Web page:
What a joke! If there is one politically motivated trade union halting progress in a luddite manner, it is the RMT on the London Underground. And who has the chance to take them on? Boris Johnson. And does he? Does he F!

    • http://www.facebook.com/profile.php?id=100004981542519 Tom Tom

      They took them on during the Olympics and paid them off

    • http://twitter.com/rayveysey Ray Veysey

      I think you will find he is taking them on, but not as you might expect. The driverless train is being developed, and will be the ultimate answer.

  • http://twitter.com/NeilBrannigan1 Neil Brannigan

    why don’t the Tories draw a distinction between public sector unions and private sector unions – the latter can and should be encouraged to work with boardrooms to spend some of this cash that private companies are apparently holding on higher workers’ wages, the former engage in extortion of the taxpayer on a mass scale.and need to be disbanded

    • http://www.facebook.com/profile.php?id=100004981542519 Tom Tom

      Yes bank unions could get a huge boost for counter staff since Banks are awash with cash

    • Reconstruct

      I agree: properly functioning private sector trade unions play an important role in the effective management of companies, and should be encouraged for the good of British industry. They should also be encouraged because the Conservatives should not only be on the side of the working man, but should be seen to be on the side of the working man. But as for the public sector unions. . . .

    • thanksdellingpole

      Isn’t that political lobbying, as in big-pharma?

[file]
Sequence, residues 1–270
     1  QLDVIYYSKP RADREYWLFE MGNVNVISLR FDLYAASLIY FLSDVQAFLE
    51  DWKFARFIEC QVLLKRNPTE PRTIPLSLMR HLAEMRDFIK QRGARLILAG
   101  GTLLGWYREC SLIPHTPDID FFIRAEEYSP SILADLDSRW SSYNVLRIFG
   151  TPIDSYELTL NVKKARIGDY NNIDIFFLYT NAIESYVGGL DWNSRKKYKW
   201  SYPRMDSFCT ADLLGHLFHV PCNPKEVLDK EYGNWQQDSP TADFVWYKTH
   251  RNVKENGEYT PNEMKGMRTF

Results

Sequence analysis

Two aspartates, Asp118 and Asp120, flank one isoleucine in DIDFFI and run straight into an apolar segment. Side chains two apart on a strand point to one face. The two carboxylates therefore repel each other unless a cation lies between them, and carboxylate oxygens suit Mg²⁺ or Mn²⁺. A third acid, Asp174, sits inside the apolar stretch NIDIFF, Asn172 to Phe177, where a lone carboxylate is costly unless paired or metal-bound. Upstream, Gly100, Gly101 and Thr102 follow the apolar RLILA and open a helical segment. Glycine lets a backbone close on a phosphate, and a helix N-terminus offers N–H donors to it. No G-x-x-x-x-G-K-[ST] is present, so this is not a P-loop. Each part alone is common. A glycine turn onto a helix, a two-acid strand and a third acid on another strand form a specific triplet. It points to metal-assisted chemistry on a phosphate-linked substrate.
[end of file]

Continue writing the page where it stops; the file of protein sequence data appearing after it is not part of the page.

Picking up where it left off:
• Magnolia

    I’ve just heard Ms Caroline Lucas call for a “general strike” to fight the bedroom tax because ‘nothing else will make the government listen and change its course’ (on Piennar’s Politics just now).
    We know that Ed M likes ‘Green’ policies so must asume that he shares this thinking.
    One of my favourite books is North and South by Mrs Gaskell, in which she describes the life of Victorian workers and bosses and the relationships between them and the fledgling unions.

    I agree with her view and I agree with the view of the blonde gorilla.
    Every southern Tory should read that book.
    Ed wouldn’t understand it.

    • HookesLaw

      Lets face it Lucas is a communist.

      • Makroon

        No she’s not.
        She’s just a daft greenie.

        • ScaryBiscuits

          Daft greenies and communists are the same thing. Both are useful idiots to those seeking power.

      • http://www.facebook.com/people/Charles-Hedges/100001511186412 Charles Hedges